The buzz around beef in brief

The buzz around beef in brief


Beef Cattle
Lachlan Monsbourgh, head of sustainable business development at Rabobank, speaking at Beef Australia in Rockhampton.

Lachlan Monsbourgh, head of sustainable business development at Rabobank, speaking at Beef Australia in Rockhampton.

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From sustainability to US and China, what's happening in beef.

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BANKS were now looking beyond financial performance from a risk management perspective and that presented opportunities for those at the forefront of sustainability efforts.

So says Lachlan Monsbourgh, head of sustainable business development at Rabobank, a guest speaker at an update of Australian beef’s sustainability framework held at Beef Australia in Rockhampton recently.

Rabobank was interested in management to ensure long-term agricultural productivity and environmental outcomes, he said.

It was also looking at creating products within finance that reflected the commodity price.

“Sustainability first and foremost is profitability,” he said.

What’s driving direct consignment

ONE of the main reasons processors are targeting direct consignment over saleyard cattle buying is the requirement to have Meat Standards Australia graded beef.

Commenting on industry data showing the portion of Eastern Young Cattle Indicator eligible cattle processors were taking at the saleyard is tracking 45 per cent below the ten-year average, processors told Fairfax Media most of their Australian customers now demanded a form of grading and they were unable to grade   saleyards cattle under Meat Standards Australia.

It’s more profitable for the producer too.

“So far this year our cattle on consignment are averaging close to $50 head above saleyard prices, like-for-like, which if you then add in the $70 to $80 a head in saleyard fees and commissions, the $120 head differential is quite extreme for a producer,” one processor said.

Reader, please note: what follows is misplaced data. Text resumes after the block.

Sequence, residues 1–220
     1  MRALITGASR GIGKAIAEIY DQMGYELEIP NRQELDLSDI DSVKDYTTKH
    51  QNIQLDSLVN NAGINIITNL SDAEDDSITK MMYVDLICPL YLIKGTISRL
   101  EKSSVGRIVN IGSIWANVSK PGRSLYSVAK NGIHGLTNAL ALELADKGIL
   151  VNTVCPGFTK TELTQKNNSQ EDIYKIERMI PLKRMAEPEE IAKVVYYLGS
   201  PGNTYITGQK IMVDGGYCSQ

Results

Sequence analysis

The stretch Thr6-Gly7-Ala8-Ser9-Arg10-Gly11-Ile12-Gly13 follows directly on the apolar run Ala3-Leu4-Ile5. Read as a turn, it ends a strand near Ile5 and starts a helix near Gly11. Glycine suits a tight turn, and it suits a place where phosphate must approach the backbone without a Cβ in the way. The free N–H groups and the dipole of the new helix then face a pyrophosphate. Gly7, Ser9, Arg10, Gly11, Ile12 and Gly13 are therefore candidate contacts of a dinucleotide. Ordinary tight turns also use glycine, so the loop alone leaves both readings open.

Five years before US comes knocking in China

UNITED States beef producers have a five-year plan for building viable volumes of beef to China, prominent analyst Don Close has revealed.

Speaking at the big Beef Australia event in Rockhampton this month, Mr Close, Rabobank’s US senior analyst animal protein said Australia and the US were fierce competitors for export business in Japan and South Korea.

“Inevitably we will be fighting it out for market share in China,” he said.

“When China last year reopened its doors to US fresh beef, it was under the same stipulations Australia has - traceability and no implants being the big ones.

“We thought at the time for us to get our act together and figure out how to produce a quantity of those cows, and for China to figure out just what primals they wanted and where we can sell those extra parts, it would take five years.”

That time frame, he said, would mean the current Trump-led “rift” with China might work itself out before it really affects the US beef industry.

Beef farm incomes

BEEF farm average income is this financial year projected to the be the highest in 20 years at $195,000, according to Australian Bureau of Agriculture and Resource Economics data released last week.

That is 85 per cent higher than the average farm cash income for beef farms in the 16 years prior.

Going forward, poor seasonal conditions are expected to result in an increase in turn-off of cattle for slaughter but total cash receipts are projected to decrease as a result of lower beef cattle prices, according to ABARES.

The story The buzz around beef in brief first appeared on Farm Online.

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